I have never, ever, ever been so calm during a hockey game. Sure, there were a few moments of nerves, but overall, tDogs came out flying and they really didn’t look back and I could just tell they were going to win. All of the things we complained about during the season – bad penalties (ok there was one of those, but Krieger just got excited for a minute, I can’t blame him), losing face-offs, failing to clear the zone, mixed up coverage in front of the net – they somehow fixed all of those for the championship game. The Minutepeople never got a chance to establish their scary speed and sneakiness, which was key to their win against Denver (and likely to the other 30 or so wins they had along the way). I was pretty nervous to face an unknown team, especially after seeing their excellent passing and deadly power play. I guess maybe I shouldn’t have worried as much because tUMD is a better team than Denver (despite splitting the regular season with them).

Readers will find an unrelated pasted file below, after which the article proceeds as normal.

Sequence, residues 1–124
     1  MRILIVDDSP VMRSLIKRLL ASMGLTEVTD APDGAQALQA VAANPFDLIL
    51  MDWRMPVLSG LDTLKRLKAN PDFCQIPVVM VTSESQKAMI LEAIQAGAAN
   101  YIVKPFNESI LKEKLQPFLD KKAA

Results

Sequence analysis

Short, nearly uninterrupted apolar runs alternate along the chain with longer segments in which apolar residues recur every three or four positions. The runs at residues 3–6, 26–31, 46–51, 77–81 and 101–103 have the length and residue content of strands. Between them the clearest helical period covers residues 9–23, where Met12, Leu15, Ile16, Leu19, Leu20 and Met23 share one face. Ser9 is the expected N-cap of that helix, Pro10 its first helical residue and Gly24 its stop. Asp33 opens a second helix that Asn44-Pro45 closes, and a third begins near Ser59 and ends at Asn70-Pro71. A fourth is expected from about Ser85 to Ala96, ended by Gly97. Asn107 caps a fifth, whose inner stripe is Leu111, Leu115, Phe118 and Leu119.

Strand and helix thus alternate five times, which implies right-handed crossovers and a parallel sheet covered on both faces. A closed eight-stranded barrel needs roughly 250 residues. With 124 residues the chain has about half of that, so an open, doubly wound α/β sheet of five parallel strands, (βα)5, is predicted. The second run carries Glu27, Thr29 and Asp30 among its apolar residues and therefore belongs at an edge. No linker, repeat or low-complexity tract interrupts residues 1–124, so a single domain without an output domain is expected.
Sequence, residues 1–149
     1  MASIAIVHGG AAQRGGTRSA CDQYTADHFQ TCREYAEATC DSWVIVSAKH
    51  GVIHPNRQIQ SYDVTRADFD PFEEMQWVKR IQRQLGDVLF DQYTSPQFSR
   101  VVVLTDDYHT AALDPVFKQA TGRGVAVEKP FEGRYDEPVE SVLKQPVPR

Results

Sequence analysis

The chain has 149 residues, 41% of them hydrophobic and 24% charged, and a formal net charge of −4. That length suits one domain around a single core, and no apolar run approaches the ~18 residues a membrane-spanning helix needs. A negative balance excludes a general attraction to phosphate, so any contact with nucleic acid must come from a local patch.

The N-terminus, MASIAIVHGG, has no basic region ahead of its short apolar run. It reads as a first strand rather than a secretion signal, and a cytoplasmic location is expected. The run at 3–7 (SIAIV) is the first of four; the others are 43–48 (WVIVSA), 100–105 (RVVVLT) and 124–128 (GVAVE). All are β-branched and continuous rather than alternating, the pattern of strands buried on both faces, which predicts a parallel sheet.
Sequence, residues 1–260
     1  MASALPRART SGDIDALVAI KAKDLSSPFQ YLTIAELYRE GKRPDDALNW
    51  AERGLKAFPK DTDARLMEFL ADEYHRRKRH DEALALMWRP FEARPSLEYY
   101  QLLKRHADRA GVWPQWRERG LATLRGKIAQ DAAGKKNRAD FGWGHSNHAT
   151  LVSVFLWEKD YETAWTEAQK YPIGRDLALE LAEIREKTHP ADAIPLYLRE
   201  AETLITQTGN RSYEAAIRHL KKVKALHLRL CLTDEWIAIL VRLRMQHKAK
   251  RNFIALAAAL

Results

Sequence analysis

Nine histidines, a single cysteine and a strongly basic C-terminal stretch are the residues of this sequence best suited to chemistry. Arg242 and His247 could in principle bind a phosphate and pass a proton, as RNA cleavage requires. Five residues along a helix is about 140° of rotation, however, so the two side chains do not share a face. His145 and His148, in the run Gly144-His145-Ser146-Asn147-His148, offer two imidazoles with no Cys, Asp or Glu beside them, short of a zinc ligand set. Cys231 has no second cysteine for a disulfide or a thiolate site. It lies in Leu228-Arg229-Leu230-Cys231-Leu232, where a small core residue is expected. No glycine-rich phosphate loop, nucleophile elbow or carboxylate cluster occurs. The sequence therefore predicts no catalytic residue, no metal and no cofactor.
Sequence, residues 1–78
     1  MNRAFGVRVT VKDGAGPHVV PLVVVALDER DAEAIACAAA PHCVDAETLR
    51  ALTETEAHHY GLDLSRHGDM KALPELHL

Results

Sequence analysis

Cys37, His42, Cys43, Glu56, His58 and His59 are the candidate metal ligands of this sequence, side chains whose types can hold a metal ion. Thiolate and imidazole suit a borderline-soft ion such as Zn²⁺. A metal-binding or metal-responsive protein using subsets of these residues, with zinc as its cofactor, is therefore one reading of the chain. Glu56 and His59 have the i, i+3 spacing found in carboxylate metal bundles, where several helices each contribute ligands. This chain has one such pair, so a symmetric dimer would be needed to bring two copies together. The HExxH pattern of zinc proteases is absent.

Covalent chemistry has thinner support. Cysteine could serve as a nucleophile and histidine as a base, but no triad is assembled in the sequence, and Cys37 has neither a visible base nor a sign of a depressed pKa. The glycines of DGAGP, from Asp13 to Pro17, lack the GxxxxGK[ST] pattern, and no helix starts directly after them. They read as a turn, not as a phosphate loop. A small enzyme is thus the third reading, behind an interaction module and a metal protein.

Of course nothing will ever compare to the first win, or to an OT win, but I don’t need to compare those things. It’s not fair. Each championship has been incredibly special. I never dreamed that I would ever see my team display such dominance. I’m used to cheering for underdogs, scrappy upstarts that somehow claw their way into a great season here and there. I don’t even quite understand how to be a fan of a team that wins a lot, that wins back to back championships and makes the title game three years in a row and gets to play another year with a target on its back. This makes me wish I was enlightened enough to be a fan of tUMD women’s hockey back when they were in their dynastic phase and went back to back to back (could tUMD become the first program to accomplish 3peats in men’s AND women’s D1 hockey? Let’s make it happen, I am officially greedy).